• Avoidance of places, people or things that are reminders of the trauma
  • Keeping themselves busy, for example, becoming a workaholic
  • Emotional numbness or feeling cut off from their feelings
  • Sometimes using drugs or alcohol to avoid memories or feelings
  • Being unable to recall details of the traumatic event

Emotional Dysregulation

Individuals who suffer from PTSD might become more aggressive, or more reckless or self-destructive, in other words, more impulsive. They also may develop what’s referred to as hypervigilance.  Always on the lookout for danger, they never let down their guard, super alert to any threat. The symptoms of emotional dysregulation include:

  • Feeling constantly tense or on edge
  • Having difficulty concentrating on simple, everyday tasks
  • Difficulty sleeping or staying asleep
  • Feeling irritable or having aggressive outbursts
  • Self-destructive behaviour
  • Feeling as if nowhere is safe, losing trust in others
  • Having distorted feelings of blame and guilt regarding the event
  • Experiencing overwhelming negative emotions, such as fear, sadness, or shame
  • Losing interest in previous activities
  • Feeling jumpy and easily agitated

Our PTSD Treatment Services

As with most mental health difficulties, the best approach is to seek out help sooner rather than later. No matter how long you’ve been experiencing these symptoms of PTSD, it is never too late to start taking your life back from chronic trauma or PTSD. If any of the above sounds familiar, please don’t hesitate to get in touch to set up an appointment, or fill out the Request an Appointment form on this page.

Our clinic locations for PTSD treatment

We have a nationwide network of clinic locations in Dublin and across Ireland that are specialised in providing PTSD treatment and counselling services, including:

Our therapists who provide PTSD treatment

Our qualified clinicians have expertise in helping people manage the symptoms of, and moving on from, post-traumatic stress. Attending counselling for PTSD with us can help you to move on from the traumatic event with the ability to counteract any re-experiencing that may occur and will help restore your sense of control. With proper PTSD treatment, most cases can be managed effectively.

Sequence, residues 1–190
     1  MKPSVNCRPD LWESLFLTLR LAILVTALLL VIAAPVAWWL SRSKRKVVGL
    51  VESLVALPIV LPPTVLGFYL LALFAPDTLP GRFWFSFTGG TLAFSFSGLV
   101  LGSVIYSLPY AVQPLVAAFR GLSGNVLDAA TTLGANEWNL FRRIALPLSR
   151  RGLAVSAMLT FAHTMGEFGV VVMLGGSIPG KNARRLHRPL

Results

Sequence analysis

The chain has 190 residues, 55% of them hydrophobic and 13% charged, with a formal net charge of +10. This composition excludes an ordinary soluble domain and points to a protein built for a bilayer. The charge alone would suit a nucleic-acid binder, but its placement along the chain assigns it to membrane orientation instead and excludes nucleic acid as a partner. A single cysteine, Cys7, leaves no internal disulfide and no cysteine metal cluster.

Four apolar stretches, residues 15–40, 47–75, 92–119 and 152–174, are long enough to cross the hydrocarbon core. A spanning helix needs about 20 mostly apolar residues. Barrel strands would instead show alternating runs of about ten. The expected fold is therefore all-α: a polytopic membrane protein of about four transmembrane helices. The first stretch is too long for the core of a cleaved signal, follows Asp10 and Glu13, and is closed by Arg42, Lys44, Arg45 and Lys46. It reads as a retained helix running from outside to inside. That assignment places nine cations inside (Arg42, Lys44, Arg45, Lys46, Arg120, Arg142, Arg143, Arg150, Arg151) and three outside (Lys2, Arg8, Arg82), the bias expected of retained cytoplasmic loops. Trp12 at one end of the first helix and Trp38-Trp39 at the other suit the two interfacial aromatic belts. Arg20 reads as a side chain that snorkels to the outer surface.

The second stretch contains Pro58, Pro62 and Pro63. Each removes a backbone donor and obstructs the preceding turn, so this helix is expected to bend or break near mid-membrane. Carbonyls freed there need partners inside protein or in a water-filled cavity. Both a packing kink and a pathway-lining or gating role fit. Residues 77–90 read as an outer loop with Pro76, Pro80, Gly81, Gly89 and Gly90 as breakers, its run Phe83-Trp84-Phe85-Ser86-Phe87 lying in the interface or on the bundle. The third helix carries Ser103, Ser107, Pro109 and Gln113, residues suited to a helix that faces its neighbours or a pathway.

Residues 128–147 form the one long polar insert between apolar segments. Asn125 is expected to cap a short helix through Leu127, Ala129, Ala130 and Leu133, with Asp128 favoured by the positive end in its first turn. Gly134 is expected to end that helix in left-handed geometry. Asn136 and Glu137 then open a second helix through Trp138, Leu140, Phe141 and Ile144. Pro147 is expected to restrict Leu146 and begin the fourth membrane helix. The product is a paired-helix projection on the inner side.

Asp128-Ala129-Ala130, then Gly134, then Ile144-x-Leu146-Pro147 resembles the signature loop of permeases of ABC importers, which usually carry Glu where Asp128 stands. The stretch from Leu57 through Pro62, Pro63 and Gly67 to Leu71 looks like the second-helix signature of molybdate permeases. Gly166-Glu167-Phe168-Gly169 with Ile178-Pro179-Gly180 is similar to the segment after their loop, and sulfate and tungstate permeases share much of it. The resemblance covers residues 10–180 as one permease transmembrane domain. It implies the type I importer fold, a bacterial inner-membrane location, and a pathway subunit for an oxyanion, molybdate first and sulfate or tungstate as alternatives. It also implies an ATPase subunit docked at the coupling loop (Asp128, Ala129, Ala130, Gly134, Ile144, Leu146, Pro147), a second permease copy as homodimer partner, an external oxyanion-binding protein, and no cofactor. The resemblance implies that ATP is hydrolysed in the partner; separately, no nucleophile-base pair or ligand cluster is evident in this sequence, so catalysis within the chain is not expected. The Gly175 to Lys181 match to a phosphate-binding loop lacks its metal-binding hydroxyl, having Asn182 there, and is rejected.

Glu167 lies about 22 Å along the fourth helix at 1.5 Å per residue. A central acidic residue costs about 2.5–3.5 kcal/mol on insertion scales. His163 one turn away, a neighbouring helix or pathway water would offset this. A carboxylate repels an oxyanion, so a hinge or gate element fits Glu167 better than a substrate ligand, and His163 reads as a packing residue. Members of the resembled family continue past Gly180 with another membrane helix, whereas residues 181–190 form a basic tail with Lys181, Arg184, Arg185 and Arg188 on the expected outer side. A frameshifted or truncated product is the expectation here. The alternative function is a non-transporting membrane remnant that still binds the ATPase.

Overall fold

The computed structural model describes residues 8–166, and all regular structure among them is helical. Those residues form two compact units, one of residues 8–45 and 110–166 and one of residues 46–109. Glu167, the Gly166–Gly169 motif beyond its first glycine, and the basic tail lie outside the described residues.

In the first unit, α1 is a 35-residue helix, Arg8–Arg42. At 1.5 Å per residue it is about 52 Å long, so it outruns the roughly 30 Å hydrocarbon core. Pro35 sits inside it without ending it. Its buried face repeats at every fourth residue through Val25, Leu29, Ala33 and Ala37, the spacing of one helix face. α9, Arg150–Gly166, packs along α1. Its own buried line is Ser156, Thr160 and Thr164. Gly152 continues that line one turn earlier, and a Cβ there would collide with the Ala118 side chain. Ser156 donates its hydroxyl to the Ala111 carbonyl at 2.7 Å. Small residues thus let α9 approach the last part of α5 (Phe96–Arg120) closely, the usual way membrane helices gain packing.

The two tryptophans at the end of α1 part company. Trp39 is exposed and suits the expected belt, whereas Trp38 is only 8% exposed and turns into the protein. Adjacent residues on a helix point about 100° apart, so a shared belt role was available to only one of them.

Our specialised PTSD therapists, who can provide both online and in-person counselling, include:

PTSD Treatment Approaches

Post traumatic stress disorder treatment, provided by our trauma-informed psychotherapists and psychologists, can relieve the symptoms of PTSD and help the individual deal with their trauma in a healthy way. There are various therapeutic treatments for post traumatic stress disorder, including, but not limited to:

  • Exposure Therapy

As the name suggests, therapists use exposure therapy to help sufferers of PTSD confront their traumatic memories, for example, through detailed written or verbal recounting of the traumatic experience. In some cases, this includes exposure to a trauma related situation that evokes fear; for example, walking in the area where the assault occurred.

  • Cognitive Behavioural Therapy (CBT)

Cognitive behavioural therapy for PTSD focuses on identifying and modifying misinterpretations that lead patients to see threats where there are none; for example, clients who believe assault is inevitable every time they leave home. CBT helps reorganise such disordered thinking. CBT focuses also on modifying the beliefs and interpretations that lead to negative emotions, such as guilt and shame

  • Eye Movement Desensitisation and Reprocessing (EMDR)

Eye movement desensitisation and reprocessing – or EMDR – is a standardised, trauma-focused therapy used for PTSD treatment. EMDR involves using bilateral physical stimulation (eye movements, or taps), to stimulate the patient’s information processing. This helps to integrate the targeted event as an adaptive contextualised memory.

Find out about other trauma-related difficulties here.

Further reading on trauma and PTSD treatment: